Transport Vibration – Pre-Measurement Considerations – Part 1

Part 1 – Before You Measure

Before initiating any transport-based vibration measurements, it’s important to first establish clear expectations as to what you want to learn. Collecting “data” is easy – however collecting meaningful data that can be transformed into actionable information requires a little up-front effort. Data collected and summarized incorrectly can lead to erroneous reporting and characterizations – with real detrimental effects. Before initiating any field measurements, there are several questions you need to answer, such as:

  • Why are you measuring?
  • What are you hoping to learn?
  • Are you planning to compare the measurement results to some previously measured data?
  • Are you planning to compare the measurement results to existing test standards?
  • Are you planning to use the data to create drive profiles for laboratory test equipment?
  • Are you wanting to understand the input vibration (vehicle), or the response vibration (package/pallet) – or maybe the relationship of both?
  • What is the planned mode, or modes of transport?

The answers to those types of questions will help prepare for the measurement activities, both in terms of the instrument hardware setup parameters, as well as the physical installation of the instruments themselves. In the next series of email communications, we’ll address some of these key Instrument Setup considerations, as well as recommended approaches as they specifically relate transport vibration measurement.

Timer vs. Signal Instrument Triggering

Lansmont SAVERs capture field data as individual acceleration time-domain events and that data originates from the SAVER’s internal triaxial accelerometer. When a SAVER is operating, it’s continuously sampling the environment – it never sleeps! Think of it like a camcorder that’s in preview, standby mode. It’s looking at everything, it’s just not recording it. Because the SAVER’s memory size is fixed, you want to be sure that when you do store captured information, it will be meaningful. SAVERs only store data in its memory when a trigger condition is met (like pressing the REC button on a camcorder).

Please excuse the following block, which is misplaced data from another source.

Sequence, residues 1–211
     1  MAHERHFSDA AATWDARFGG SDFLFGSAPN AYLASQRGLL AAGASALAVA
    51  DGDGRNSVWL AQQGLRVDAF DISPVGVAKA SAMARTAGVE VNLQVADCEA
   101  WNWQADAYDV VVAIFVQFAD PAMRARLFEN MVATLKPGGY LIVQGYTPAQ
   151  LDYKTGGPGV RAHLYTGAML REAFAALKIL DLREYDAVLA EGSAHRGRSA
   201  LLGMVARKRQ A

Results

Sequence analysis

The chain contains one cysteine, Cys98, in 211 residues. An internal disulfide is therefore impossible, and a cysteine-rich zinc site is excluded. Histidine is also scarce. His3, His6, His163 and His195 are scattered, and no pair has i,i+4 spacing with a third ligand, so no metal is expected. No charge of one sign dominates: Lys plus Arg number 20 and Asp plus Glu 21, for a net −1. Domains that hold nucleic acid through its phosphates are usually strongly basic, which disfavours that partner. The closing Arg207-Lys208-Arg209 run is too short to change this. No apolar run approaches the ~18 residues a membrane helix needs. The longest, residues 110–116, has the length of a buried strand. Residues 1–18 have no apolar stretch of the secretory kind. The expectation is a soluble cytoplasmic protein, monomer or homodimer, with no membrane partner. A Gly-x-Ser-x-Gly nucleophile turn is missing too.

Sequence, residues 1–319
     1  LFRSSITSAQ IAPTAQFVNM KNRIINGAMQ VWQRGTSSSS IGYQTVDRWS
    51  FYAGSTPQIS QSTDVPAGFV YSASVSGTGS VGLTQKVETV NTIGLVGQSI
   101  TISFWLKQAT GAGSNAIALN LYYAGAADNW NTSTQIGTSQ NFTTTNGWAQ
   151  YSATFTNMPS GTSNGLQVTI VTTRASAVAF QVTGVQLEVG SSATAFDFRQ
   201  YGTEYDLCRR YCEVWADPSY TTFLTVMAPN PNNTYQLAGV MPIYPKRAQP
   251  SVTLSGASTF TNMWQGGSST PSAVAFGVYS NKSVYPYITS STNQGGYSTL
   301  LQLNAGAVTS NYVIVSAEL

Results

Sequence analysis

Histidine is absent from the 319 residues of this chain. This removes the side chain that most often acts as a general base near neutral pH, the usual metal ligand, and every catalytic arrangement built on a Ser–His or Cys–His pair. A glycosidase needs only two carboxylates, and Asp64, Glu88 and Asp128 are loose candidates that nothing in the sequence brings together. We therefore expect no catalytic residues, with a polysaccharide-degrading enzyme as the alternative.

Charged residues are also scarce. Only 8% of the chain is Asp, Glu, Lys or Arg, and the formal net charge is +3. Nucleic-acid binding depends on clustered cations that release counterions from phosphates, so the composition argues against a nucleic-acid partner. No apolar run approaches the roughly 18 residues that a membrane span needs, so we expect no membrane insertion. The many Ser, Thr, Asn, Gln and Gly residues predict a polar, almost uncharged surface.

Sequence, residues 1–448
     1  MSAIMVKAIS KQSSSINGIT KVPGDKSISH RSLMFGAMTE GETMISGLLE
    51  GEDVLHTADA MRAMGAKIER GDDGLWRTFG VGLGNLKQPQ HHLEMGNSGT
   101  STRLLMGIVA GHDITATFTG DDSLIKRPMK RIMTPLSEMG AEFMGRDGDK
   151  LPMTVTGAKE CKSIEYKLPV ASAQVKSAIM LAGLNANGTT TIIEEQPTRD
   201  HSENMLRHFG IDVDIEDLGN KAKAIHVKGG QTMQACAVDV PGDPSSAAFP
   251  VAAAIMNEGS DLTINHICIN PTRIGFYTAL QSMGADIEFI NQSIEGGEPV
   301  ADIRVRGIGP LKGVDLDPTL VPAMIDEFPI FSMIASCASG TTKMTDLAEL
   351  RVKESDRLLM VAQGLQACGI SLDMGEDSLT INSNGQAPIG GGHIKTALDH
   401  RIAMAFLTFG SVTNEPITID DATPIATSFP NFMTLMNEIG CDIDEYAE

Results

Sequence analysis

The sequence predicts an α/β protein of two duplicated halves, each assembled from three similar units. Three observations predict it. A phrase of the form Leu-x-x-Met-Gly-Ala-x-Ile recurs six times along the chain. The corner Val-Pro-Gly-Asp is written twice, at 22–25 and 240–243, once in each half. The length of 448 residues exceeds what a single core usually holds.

SAVERs utilize two separate user-defined triggering conditions, accessed via our SaverXware software’s Advanced Instrument Setup.

Timer Triggering – recording based upon a user-defined periodic time interval, regardless of whether there is motion or not.
Signal Triggering – recording when some user-defined minimum acceleration (g) level is exceeded. This can also be thought of as motion-triggering.

There are rationales for using both triggering conditions. Timer triggering is often used to capture data that provides a broad overview of a given environment. For transport vibration measurements, capturing these periodic “snapshots” of the environment can provide a representative characterization of a given environment, transport mode, etc. The example below shows a long duration triaxial acceleration time-history signal. If we were to capture ten shorter periodic segments of that signal in the SAVER’s memory, you can see that, generally speaking, a summary of just those ten periodic snapshots would provide an accurate overall characterization of that entire time-history.